Independent, Thursday 3 March 2011
Sometimes an obituary brings something into focus, not just about its subject’s life but about the era in which he or she lived. The middle decades of the 20th century already seem like another age, thrilling and contradictory as social attitudes changed yet some things continued to run on traditional lines. Two women who died in the past few days embody those contradictions, which surfaced in their obituaries and would, I suspect, have made at least one of them uncomfortable.
Susan Crosland, whom I knew slightly and liked, was a hugely successful American journalist who also wrote novels. Clever, charming and kind, she was described in headlines after her death last week as the “wife of Labour minister Tony Crosland”. Susan Crosland became her husband’s biographer after his sudden death in 1977, and their relationship was so central to her life that I don’t think she would have minded being described in terms of her second marriage. But I doubt very much whether her fellow American Suze Rotolo, who died a couple of days earlier, would have enjoyed being obituarised as “Bob Dylan’s girlfriend and the muse behind many of his greatest songs”.
The two women were from different generations – Crosland was 84 when she died, Rotolo 67 – and that may account for some of the differences between them. What’s striking is that they were both young adults in the 1960s, when the exhaustion of the Second World War was about to be swept away by a revolution in popular music and politics. Dylan later described his first meeting with Rotolo in 1961 in conventionally romantic terms: “I couldn’t take my eyes off her. She was the most erotic thing I’d ever seen. She was fair-skinned and golden-haired, full-blood Italian.”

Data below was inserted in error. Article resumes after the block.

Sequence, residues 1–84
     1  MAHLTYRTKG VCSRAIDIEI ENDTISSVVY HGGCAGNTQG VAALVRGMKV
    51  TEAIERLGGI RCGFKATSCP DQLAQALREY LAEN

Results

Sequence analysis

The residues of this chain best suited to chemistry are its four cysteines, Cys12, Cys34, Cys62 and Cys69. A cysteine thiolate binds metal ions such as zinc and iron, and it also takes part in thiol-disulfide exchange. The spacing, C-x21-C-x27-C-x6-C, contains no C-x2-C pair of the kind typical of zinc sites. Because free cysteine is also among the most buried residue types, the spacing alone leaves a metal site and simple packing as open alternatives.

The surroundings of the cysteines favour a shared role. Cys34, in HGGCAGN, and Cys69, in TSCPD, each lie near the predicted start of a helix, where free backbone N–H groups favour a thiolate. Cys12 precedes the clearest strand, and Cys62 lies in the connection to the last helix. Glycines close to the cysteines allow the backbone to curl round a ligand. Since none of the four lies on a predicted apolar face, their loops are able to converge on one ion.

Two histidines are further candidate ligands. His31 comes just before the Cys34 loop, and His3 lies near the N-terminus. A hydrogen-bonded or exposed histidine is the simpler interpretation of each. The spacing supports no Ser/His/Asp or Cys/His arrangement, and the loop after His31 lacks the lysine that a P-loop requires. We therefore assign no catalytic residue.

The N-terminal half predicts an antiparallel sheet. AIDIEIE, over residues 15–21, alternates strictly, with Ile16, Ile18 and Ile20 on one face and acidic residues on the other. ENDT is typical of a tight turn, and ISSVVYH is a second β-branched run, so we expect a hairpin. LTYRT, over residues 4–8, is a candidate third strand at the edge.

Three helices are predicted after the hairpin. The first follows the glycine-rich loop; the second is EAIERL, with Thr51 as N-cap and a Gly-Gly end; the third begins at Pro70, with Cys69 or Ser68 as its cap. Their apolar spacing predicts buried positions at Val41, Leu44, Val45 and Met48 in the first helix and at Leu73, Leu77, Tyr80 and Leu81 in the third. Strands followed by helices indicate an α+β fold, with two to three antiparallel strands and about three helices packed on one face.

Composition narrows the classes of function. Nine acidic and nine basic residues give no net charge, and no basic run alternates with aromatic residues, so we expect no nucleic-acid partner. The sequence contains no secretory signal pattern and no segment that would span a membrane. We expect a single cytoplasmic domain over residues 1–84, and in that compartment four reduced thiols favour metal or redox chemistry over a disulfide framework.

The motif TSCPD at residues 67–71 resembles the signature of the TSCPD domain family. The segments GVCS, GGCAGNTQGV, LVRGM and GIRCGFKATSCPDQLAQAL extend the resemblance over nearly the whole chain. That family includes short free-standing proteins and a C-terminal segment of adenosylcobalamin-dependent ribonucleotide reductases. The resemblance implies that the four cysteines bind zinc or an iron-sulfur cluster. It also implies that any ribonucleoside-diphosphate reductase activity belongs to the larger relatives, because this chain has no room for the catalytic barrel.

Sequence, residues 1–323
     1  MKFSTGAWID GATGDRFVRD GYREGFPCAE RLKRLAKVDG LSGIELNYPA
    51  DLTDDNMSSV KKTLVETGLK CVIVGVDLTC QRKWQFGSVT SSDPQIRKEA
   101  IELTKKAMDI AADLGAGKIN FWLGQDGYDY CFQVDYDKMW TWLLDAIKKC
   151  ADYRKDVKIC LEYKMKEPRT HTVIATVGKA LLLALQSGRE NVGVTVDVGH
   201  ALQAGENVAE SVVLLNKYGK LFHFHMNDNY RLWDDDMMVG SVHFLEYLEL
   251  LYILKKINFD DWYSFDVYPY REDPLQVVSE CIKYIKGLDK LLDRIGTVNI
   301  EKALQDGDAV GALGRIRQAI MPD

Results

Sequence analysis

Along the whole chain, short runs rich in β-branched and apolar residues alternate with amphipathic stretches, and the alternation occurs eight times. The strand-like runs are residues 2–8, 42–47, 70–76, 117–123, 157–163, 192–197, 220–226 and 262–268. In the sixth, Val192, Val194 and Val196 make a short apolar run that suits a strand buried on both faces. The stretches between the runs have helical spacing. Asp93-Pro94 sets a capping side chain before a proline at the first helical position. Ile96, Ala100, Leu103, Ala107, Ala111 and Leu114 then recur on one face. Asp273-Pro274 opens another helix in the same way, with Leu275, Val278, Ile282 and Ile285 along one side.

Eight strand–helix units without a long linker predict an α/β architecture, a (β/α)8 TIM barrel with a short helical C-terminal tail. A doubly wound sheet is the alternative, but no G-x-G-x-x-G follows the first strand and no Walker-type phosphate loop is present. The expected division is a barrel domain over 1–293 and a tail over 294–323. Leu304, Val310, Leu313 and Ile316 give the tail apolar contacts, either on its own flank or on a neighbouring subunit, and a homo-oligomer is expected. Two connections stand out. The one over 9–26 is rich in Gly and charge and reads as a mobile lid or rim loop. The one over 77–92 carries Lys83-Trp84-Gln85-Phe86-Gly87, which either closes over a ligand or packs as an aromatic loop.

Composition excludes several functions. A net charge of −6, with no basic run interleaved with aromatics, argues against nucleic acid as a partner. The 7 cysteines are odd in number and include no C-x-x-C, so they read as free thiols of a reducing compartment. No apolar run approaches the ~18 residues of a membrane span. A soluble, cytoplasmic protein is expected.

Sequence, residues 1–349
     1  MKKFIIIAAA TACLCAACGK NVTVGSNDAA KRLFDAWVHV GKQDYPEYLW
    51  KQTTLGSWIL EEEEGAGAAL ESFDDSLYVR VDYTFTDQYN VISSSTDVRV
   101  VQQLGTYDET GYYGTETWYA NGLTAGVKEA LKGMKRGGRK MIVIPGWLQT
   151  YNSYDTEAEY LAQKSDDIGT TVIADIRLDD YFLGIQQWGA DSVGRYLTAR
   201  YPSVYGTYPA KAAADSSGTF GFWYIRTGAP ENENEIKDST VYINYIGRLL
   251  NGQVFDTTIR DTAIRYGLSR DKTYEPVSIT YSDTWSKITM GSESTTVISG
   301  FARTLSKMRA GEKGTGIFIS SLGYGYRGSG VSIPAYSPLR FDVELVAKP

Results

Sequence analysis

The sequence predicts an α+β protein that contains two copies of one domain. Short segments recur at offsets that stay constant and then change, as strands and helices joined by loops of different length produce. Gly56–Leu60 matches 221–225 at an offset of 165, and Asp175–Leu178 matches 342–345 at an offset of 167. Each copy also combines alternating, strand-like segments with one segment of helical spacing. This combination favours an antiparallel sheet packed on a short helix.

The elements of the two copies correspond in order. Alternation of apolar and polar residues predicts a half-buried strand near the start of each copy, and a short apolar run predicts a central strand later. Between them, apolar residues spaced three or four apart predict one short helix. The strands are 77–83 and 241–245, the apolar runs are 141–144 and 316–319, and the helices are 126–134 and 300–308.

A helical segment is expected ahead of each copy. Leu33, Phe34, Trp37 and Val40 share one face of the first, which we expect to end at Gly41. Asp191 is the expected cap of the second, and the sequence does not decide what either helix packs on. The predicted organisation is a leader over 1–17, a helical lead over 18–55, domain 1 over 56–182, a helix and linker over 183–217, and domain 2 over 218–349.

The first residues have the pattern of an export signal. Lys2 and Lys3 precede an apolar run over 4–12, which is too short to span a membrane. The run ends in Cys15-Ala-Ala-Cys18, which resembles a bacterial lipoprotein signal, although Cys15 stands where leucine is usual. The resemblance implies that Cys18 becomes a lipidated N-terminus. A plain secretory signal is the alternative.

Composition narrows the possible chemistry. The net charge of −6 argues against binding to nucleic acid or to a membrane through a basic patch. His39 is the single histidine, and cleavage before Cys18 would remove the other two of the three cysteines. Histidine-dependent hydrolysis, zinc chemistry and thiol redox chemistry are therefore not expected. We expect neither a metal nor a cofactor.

In fact, 17-year-old Rotolo was already much more than a pretty face. A native New Yorker whose parents were members of the American Communist Party, she was involved in the civil rights movement and took the unknown young folk singer from Minnesota to meetings of the Congress of Racial Equality. She politicised Dylan, and was photographed with him on the cover of his early LP, The Freewheelin’ Bob Dylan. When she went to Italy without him, he wrote some of his best-known early songs, including “Don’t Think Twice, It’s All Right”.
Their relationship wasn’t all right, however, and according to Rotolo’s memoir it broke up because he wanted both a muse and someone to look after him. “Bob was charismatic: he was a beacon, a lighthouse,” she wrote. “He was also a black hole. He required committed back-up and protection I was unable to provide consistently, probably because I needed them myself.” Dylan had already met Joan Baez, with whom he had a short relationship, while Rotolo worked as an artist, never achieving anything like her ex-boyfriend’s fame but keeping up her political activities.
Susan Barnes, as she was known in her journalistic career, married Tony Crosland in 1964, around the time Rotolo was breaking up with Dylan. The wedding took place at Chelsea Register Office and the witnesses were Dora Gaitskell and Ruth Dalton, widows of a former Labour leader and Chancellor respectively. Susan Barnes was a much more glamorous figure than other Labour wives of the period and she managed to maintain a separate identity, retaining her own surname until after her husband’s death. But she nevertheless took on the role, according to one of her obituaries, of “his charming foil”.
From the standpoint of 2011, the Crosland marriage looks like a stage in the evolution of the political marriage, far from traditional but not yet the dual-career partnership shared by Ed Balls and Yvette Cooper. But Suze Rotolo was definitely a woman ahead of her time, rejecting the supporting role that some of her contemporaries would have relished. Even in 1964, she seems to have realised that a man who needs a muse will probably expect her to do the washing-up as well.